Bovine Colostrum and the Flu
Thursday, July 02, 2009
Byron J. Richards, Board Certified Clinical Nutritionist
Natural protection against bacterial and viral infection is required for the survival of humans. The undisputed powerhouse in this category is first milk colostrum, a mother’s gift of protection to the newborn child. It is clearly associated with fewer digestive and respiratory infections.
First milk bovine colostrum, since it can be commercially produced and used by humans, has been the subject of many studies. Scientists have identified many of its immune boosting activities and have suggested it as a potential tool to help combat flu1. It has even been proposed as a nutrient to help with the problems of HIV infection2.
In addition to the natural antibodies present in first milk colostrum a new study demonstrates that it is also the unique carbohydrate structures3 (sialic acid viral decoys) that are found in bovine colostrum and other concentrated whey protein products that offer significant protection.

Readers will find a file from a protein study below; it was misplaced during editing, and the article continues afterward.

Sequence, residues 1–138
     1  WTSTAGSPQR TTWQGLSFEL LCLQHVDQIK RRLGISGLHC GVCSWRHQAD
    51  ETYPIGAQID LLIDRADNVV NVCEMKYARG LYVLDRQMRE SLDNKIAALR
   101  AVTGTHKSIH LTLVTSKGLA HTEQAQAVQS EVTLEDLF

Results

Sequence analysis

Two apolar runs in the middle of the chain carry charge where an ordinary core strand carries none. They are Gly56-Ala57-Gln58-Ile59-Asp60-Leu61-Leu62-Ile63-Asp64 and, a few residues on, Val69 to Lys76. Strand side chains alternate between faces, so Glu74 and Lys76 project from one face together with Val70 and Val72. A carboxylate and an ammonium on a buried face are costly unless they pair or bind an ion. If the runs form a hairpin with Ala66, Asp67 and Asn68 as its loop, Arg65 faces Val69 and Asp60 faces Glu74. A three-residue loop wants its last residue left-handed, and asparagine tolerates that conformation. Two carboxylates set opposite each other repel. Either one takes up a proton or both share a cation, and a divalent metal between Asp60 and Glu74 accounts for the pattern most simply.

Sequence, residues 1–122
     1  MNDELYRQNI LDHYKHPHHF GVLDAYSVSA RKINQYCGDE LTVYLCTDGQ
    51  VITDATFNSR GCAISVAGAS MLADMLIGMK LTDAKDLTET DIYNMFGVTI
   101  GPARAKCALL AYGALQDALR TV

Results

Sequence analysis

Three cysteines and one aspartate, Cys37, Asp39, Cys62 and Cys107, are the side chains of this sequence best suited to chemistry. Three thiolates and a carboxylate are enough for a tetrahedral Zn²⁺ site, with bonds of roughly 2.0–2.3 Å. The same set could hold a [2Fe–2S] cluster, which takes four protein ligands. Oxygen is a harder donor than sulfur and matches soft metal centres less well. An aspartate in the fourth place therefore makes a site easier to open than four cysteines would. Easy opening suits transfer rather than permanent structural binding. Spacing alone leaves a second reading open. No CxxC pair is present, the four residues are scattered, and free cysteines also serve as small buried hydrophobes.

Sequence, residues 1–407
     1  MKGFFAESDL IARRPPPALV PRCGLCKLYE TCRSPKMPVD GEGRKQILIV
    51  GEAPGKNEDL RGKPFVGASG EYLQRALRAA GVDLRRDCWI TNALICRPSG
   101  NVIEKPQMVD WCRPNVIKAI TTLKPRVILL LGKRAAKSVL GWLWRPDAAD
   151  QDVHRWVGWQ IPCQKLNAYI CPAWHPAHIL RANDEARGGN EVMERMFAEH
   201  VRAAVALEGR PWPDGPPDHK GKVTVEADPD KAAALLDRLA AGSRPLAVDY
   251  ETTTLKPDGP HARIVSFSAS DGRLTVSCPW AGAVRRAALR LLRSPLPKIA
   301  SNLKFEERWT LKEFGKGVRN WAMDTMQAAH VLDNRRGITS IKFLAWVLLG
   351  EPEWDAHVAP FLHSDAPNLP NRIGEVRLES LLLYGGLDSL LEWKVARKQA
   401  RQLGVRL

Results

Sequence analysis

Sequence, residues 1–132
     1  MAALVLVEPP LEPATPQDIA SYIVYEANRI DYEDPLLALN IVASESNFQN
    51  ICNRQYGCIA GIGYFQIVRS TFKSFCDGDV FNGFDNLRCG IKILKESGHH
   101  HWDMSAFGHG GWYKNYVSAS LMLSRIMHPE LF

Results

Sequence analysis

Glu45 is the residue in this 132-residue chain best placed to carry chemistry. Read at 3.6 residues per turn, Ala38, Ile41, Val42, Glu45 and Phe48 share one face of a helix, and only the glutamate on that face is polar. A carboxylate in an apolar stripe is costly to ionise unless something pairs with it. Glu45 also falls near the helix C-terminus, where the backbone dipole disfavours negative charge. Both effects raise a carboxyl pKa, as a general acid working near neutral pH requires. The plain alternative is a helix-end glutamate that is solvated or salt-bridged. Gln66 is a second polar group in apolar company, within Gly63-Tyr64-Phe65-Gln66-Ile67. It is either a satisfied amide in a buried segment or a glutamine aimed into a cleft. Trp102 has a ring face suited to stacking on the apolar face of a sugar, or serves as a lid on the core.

This is a very clever mechanism, as a virus is looking for a sialic acid molecule thinking it is a human cell to infect. When it binds on to a food-related look-a-like it is bound up and rendered inert, and politely ushered out of the body without a whimper.
Why would a baby want to battle a virus when there is a way to trick the virus into submission? Thanks mom.
Read More: Immune Health News
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